Palomino Ranch was a wonderful equestrian community. Every family of horses lived in a comfortable stable, they had spacious fields to roam and trot, and they were surrounded by hundreds of friends. The horses of Palomino Ranch had been together for many generations, and over time they'd developed an almost human-like civilization. Over the years, they developed many sacred traditions,the most celebrated of which was a festival in honor of Native Son, the greatest horse who ever walked the earth.
Back in Native Son's day, many centuries ago, stables were hard to come by and when he did manage to find a place to spend the night, it was usually cold and leaky and food was scarce. But Native Son overcame these obstacles, performed wondrous deeds for all members of the animal kingdom, and became a shining example to horses around the world. Even now, hundreds of years later, stories of this fine stallion are told and passed along from generation to generation, and the Native Son Festival every December remains the grandest event of the year. Everyone looks forward to it; stallions and mares, colts and foals.
One summer, many years ago, a family of cows wandered onto Palomino Ranch. There were no other cows for them to live with, but that didn't present a problem at all, because the horses welcomed them with open hooves. The two leaders of the horse community, Guiding Star and Evening Silence, made sure that the cow and her two calves got the nicest stable, and that they were fed and cared for. And before long, the cows blended right in and were treated as equals.
Winter came, and with it the preparations for the Native Son Festival. The horses decorated their quarters with flowers and ribbon, and hung the traditional Silver Horseshoe from the large oak in the meadow. When Betsy, the mama cow, noticed the trinkets and baubles that festooned the stable, she approached Guiding Star.
"What's with all the hoopla?" she asked.
Guiding Star was more than happy to explain. He enthusiastically told Betsy the story of Native Son, how the legend had been passed on for centuries, and about how his deeds served as an example for all horses to follow.
"So what does that have to do with all these fancy-schmancy decorations?" asked Betsy.
"Well," said Guiding Star, "the Native Son Festival is a time for us horses to reflect upon what Native Son means to each of us. The ribbons and flowers that we hang represent the joy and kindness that Native Son brought to the world. The Silver Horseshoe symbolizes the hard work and sacrifice that he made for all of horsekind. It's one of our proudest traditions, and we'd love to have you and your calves celebrate with us."
Guiding Star had never discussed Native Son with a non-horse before, and he was absolutely glowing with pride. But that would change immediately.
"Oh, I don't know about that," scoffed Betsy. "That's a lovely story you've just told, but I don't believe a word of it. That horse, Native Son? Maybe he existed, but I don't believe that any one animal should be exalted above all others. And I certainly don't want my calves to hear such nonsense."
Guiding Star was a little disappointed in Betsy's closed-minded attitude, but he understood completely. "I understand completely," he said. "We certainly don't expect you to decorate your stable, and if our songs and celebrations bother you, we'll just hold them over in the barn so you and your calves won't be disturbed."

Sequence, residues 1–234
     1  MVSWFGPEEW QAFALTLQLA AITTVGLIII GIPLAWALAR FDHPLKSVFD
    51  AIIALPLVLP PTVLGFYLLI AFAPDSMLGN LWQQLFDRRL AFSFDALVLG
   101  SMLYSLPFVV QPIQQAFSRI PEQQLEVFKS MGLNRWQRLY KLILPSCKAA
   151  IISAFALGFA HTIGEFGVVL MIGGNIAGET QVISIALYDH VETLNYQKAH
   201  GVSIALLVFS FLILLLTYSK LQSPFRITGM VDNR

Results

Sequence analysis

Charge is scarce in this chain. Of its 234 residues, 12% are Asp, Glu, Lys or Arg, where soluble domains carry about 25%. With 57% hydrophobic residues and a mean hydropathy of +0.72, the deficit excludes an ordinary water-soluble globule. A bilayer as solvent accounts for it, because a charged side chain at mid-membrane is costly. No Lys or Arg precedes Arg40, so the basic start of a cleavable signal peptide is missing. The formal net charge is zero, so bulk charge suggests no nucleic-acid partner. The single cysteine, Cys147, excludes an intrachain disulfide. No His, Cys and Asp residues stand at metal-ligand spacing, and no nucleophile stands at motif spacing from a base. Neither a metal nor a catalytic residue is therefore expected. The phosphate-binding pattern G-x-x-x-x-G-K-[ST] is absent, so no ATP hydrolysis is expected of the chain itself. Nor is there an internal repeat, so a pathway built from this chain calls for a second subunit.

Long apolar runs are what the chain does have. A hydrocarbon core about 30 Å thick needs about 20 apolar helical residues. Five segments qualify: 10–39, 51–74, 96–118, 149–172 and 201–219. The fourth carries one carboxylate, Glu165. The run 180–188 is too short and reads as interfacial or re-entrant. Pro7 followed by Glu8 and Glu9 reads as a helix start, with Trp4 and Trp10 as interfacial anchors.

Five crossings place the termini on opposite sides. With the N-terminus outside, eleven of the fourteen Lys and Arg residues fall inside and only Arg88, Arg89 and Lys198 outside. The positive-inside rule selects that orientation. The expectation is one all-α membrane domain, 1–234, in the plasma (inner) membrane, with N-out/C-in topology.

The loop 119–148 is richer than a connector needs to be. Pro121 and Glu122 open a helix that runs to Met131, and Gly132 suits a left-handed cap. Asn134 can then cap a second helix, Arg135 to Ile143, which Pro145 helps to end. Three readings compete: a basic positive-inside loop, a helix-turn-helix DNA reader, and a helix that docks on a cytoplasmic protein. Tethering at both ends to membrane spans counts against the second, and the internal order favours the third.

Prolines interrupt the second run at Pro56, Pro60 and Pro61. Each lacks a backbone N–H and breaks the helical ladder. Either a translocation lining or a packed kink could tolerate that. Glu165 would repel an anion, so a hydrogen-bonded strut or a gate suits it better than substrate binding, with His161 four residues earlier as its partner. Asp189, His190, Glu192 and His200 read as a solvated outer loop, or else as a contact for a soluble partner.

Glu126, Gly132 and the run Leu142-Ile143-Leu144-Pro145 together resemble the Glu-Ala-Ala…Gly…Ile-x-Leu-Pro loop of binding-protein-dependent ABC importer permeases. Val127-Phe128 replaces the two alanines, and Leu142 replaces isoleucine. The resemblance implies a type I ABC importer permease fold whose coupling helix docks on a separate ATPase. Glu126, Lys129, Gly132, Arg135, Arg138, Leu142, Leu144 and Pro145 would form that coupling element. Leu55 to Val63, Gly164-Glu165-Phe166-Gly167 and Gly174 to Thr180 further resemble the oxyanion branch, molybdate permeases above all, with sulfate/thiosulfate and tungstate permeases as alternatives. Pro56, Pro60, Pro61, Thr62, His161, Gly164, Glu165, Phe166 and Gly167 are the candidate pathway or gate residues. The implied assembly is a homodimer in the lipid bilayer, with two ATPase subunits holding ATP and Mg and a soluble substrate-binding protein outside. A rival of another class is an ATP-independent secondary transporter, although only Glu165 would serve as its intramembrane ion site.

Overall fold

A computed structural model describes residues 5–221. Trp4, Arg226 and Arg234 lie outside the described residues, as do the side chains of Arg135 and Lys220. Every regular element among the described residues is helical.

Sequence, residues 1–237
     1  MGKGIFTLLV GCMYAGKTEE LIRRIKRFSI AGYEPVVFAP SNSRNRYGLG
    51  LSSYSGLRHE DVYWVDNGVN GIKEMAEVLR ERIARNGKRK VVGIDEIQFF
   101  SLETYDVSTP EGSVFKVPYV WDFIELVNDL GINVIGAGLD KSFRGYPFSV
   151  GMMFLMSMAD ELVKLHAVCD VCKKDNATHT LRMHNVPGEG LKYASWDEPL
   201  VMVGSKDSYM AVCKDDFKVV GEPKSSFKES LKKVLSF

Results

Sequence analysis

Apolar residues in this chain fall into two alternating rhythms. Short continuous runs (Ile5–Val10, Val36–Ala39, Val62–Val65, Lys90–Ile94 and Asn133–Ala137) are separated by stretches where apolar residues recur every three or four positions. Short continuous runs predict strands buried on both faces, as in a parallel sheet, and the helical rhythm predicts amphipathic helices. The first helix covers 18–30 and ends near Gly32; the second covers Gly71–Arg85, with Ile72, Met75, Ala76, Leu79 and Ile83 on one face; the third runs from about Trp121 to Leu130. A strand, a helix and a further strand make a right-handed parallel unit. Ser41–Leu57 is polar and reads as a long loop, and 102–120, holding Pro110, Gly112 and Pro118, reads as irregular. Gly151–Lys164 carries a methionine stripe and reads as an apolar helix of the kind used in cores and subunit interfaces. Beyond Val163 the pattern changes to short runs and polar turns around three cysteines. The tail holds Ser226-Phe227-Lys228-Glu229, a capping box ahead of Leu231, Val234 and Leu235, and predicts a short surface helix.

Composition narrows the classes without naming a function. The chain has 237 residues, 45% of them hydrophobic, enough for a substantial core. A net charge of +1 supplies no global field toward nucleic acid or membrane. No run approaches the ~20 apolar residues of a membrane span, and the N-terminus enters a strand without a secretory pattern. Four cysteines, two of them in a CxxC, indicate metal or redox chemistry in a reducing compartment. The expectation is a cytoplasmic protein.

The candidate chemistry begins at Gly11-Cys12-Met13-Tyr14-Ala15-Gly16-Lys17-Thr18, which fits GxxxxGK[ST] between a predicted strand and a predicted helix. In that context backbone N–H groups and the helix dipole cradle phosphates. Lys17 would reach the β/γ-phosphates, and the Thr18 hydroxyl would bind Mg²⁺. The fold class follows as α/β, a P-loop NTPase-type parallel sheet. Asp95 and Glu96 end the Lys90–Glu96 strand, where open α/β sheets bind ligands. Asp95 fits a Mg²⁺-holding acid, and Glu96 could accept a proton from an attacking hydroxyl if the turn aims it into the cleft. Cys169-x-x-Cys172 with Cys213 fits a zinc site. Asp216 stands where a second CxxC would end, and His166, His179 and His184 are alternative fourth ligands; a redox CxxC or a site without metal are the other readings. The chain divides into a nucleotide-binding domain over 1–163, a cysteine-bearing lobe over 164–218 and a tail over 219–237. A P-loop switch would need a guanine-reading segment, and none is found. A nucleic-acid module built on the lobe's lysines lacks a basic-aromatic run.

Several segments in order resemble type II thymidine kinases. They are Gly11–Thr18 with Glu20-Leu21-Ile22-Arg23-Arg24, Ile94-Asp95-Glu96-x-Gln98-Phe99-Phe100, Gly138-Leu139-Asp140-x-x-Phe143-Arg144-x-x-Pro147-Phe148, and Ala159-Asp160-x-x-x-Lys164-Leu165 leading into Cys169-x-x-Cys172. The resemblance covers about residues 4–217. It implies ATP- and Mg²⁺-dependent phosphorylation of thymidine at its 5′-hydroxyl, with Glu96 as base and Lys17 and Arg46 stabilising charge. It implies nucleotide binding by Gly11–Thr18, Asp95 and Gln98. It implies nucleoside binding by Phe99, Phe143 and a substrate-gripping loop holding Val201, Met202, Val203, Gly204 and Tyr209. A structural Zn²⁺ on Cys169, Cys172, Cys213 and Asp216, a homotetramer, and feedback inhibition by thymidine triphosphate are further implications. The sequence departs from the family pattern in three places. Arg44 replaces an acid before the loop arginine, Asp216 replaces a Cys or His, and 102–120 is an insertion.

"I'm not sure that's good enough," said Betsy. "We live at Palomino Ranch just like everybody else, and I find this whole Native Son business offensive. My calves are sure to ask questions and they'll feel left out when the little kid horses - "
"They're called yearlings."
"Whatever. My calves will feel left out when their friends are celebrating. Can't have that."
"Oh, that's no problem at all! They're more than welcome to join in."
"You misunderstand me, Guiding Star. My calves are NOT going to participate in your nonsense. I don't want them exposed to it, and I certainly don't want them to feel like misfits on their own ranch. I'm telling you to take down the decorations and do away with the celebrations and parties."
Guiding Star didn't want to argue with Betsy, but he felt the cow was being unreasonable. "Betsy, please try to look at this from our point of view. The festival is important to us. If it's that much of a problem for you, there's a dairy farm just a little ways down the road, and I'm sure they'd welcome you and your family there. Maybe you'd be happier living with other cows instead of us horses."
"Oh, no," said Betsy. "We're very happy here at Palomino Ranch and we love our comfortable home. I don't think we should have to leave just because we don't believe in Native Son. Please think about what I've said. I'm going to go feed my calves now."
Guiding Star was frustrated. The horses at Palomino Ranch and around the world had held the Native Son Festival for centuries with no problems at all. It was always a time of great joy. Guiding Star decided to talk with his friend and confidant Evening Silence to see if they could come up with a solution that would make everyone happy.
"I don't know what Betsy's problem is," said Guiding Star. "I invited her and her calves to participate, I offered to move our celebrations to the barn, but nothing seemed to be good enough. What do you think we should do?"
"Well, I certainly don't think we should just do away with our most important holiday," replied Evening Silence. "The story of Native Son is too important to our community and our culture. If you ask me, there's only one reasonable thing left to do."
And from that day forward, in addition to the decorations, songs, and celebrations, the Native Son Festival included a traditional feast of beef ribs, sirloin steaks, and veal cutlets.